Mexican President Enrique Pena Nieto has fired Enrique Galindo, the chief of the country's federal police, on Monday (29 August). The sacking comes two weeks after Mexico's human rights commission published a report alleging that federal police were executing drug cartel members.
In a statement, Interior Secretary Miguel Angel Osorio Chong said: "In light of the recent events and on instructions of the president, Police Commissioner Enrique Galindo has been removed from his position."
He added: "That is with the objective of facilitating that the corresponding authorities carry out an agile and transparent investigation in full view of citizens."
The National Human Rights Commission (CNDH) found that around 22 people were killed by police in Michoacan on 22 May 2015. The report alleged that guns were planted on some of the suspects by the police and that they had also moved some of the bodies, according to Associated Press.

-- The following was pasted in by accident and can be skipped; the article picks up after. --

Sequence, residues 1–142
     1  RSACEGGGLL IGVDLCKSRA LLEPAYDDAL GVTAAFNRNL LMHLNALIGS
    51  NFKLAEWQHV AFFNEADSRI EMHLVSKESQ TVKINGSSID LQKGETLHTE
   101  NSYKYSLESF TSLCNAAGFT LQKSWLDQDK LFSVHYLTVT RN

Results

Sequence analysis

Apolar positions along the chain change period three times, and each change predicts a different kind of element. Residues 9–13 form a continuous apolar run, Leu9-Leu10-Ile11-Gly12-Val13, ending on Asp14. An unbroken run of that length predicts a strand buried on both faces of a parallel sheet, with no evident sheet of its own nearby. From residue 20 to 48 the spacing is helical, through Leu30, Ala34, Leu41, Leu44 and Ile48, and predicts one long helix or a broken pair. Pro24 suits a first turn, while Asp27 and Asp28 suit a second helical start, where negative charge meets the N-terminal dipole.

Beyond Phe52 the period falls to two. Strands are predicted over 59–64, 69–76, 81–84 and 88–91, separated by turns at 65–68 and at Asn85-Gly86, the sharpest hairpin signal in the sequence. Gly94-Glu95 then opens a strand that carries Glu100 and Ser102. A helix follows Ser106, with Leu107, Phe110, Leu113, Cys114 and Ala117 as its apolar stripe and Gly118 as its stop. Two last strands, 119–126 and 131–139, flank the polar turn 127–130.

Galindo will be replaced by Manelich Castilla Craviotto, who was previously in charge of the federal police's gendarmes force. The alleged massacre took place when federal police officers, along with a Black Hawk helicopter, raided a ranch where alleged members of the Jalisco New Generation Cartel were hiding.
Raul Gonzalez, the president of the CNDH, said police lied about their role during the organised swoop, stating that they moved seven bodies and shifted weapons to manipulate the scene. A total of 42 suspects and one police officer were killed in the incident.
Eyewitnesses saw that the tin roof of a barn, where several of the men were killed, was peppered with hundreds of bullet holes, which may have been fired from the helicopter. Police burned two bodies and tortured two of the people they arrested, Gonzalez added.
He said: "We established facts that imply grave human rights violations attributable to public servants of the federal police.
Family members and forensic experts are convinced that some of those present at the ranch were gunned down as they tried to flee. National Security Commissioner Renato Sales refutes claims that the police had executed anyone.